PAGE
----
Road allowance closure goes to prov govt

Encroaching house situation could set ‘precedent’

An unusual situation involving an application to close and sell an undeveloped road allowance had County of Wetaskiwin councilors several times use the term “precedent setting” during a public hearing Jan.9.

The public hearing was held during the Planning and Development council meeting for an application from Gian & Tress Gibson to close and sell a portion of the undeveloped road allowance adjacent to the west boundary of their property described as SW 36-46-23-W4M located on the east side of Coal Lake. Reeve Terry Van de Kraats opened the public hearing.

It was stated at a previous meeting a structure on the Gibson’s property encroaches on the undeveloped road allowance.

Director of Planning and Development David Blades stated in his presentation to council, “This issue had previously been presented to Council on July 7, 2015, at which time a resolution was passed to deny the request but offer Mr. & Mrs. Gibson the opportunity to close and lease the road allowance as an option.

“At the November 8, 2019 Council for Planning and Economic Development meeting, Council approved the request made by Gian & Tress Gibson, rescinded Resolution #CG20150707.1016, and instructed Administration proceed with the process for road closure in accordance with County of Wetaskiwin Policy 12.0.4 Road Allowance Lease and relevant legislation.”

Blades noted the application had been publically advertised and input sought from referral agencies. One response received was from an adjacent landowner who holds a government lease; Blades stated it doesn’t appear the Gibson’s application would affect this neighbour’s lease.

A second response was received from a landowner who stated they were concerned about the application because an encroaching building was already located on the road allowance, which is technically provincial government property.

At this point, Assistant CAO Jeff Chipley stated an undeveloped road allowance is not classed as recreational property and the one in question “goes nowhere.”


Councilor Lyle Seely stated he was concerned that approving this request would set a precedent that a property owner could encroach on an undeveloped road allowance, then later apply to purchase it. Seely added that it doesn’t appear that this particular road allowance will ever be used for a road, otherwise the property owners would be required to move their building off the road allowance.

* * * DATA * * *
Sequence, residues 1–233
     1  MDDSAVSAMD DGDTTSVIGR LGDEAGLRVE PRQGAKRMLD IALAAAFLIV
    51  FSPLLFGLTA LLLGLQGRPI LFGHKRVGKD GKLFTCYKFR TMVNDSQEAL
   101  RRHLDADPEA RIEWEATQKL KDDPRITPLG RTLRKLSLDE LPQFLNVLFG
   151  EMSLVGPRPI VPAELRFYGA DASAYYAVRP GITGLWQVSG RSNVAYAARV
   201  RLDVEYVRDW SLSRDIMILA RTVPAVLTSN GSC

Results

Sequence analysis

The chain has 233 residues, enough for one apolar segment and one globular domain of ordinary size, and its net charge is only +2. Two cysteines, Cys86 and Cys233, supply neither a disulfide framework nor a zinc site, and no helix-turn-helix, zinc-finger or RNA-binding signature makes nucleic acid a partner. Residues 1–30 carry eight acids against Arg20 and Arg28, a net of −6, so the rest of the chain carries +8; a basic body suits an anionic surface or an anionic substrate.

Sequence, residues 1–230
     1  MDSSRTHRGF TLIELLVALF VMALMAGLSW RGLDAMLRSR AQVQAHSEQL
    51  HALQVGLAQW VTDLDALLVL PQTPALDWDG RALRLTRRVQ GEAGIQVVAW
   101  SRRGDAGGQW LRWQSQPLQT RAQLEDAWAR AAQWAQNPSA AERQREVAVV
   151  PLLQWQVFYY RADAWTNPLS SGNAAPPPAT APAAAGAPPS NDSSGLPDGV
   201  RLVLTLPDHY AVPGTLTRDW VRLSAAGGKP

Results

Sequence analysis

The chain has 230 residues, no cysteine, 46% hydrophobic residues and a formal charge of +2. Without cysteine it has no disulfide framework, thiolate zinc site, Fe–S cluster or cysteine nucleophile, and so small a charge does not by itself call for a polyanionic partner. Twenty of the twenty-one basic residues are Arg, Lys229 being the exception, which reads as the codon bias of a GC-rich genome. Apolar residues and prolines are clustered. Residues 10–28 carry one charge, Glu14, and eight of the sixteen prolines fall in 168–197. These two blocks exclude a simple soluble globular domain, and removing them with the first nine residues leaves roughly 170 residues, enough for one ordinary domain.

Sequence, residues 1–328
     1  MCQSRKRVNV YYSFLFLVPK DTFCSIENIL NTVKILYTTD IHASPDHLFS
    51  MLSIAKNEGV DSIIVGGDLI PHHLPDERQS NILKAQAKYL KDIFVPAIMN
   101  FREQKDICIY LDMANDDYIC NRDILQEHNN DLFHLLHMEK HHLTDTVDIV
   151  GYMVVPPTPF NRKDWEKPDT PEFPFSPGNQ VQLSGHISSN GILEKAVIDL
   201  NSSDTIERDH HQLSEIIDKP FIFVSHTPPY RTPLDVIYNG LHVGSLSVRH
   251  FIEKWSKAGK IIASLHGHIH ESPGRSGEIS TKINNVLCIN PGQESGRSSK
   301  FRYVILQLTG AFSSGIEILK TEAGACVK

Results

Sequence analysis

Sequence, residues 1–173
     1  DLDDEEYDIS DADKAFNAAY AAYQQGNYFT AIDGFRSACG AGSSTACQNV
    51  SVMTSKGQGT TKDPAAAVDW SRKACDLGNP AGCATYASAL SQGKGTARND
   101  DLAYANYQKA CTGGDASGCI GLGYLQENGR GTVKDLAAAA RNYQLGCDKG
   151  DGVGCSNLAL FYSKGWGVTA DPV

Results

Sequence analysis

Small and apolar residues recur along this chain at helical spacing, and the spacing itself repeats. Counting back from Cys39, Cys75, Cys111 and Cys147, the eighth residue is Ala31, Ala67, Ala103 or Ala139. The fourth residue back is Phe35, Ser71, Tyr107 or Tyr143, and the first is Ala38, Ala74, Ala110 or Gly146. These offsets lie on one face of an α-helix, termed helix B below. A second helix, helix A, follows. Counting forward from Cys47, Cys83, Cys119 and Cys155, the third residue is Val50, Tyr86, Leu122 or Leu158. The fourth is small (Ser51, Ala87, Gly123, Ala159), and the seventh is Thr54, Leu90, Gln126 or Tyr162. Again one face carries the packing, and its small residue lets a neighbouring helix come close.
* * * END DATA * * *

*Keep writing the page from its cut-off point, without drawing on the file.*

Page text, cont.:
Councilor Bill Krahn agreed. “I feel the same way, Lyle,” said Krahn.

Van de Kraats suggested selling some of the road allowance to the Gibsons, and keeping some of it public. The reeve said he was also concerned about precedent, and had heard some feedback from the public about this issue.

Councilor Josh Bishop balked, saying he feels the sale of the road allowance would be precedent setting. Bishop said he could support up to eight feet of the road allowance sold to the Gibsons but not the entire lease.

Chipley stated an option the councilors have was to approve first reading of the bylaw, then sending the bylaw to the Transportation Ministry for approval, then reducing the amount of road allowance up for sale.

During the public hearing one of the applicants, Tress Gibson, spoke. She stated the request should be looked at as an individual case which doesn’t necessarily affect anyone else.

After the public hearing was closed, councilors approved, by a 6 to 1 margin, First reading. The bylaw will be sent to the Ministry of Transportation for approval and, if approved, it will return to a future county meeting.

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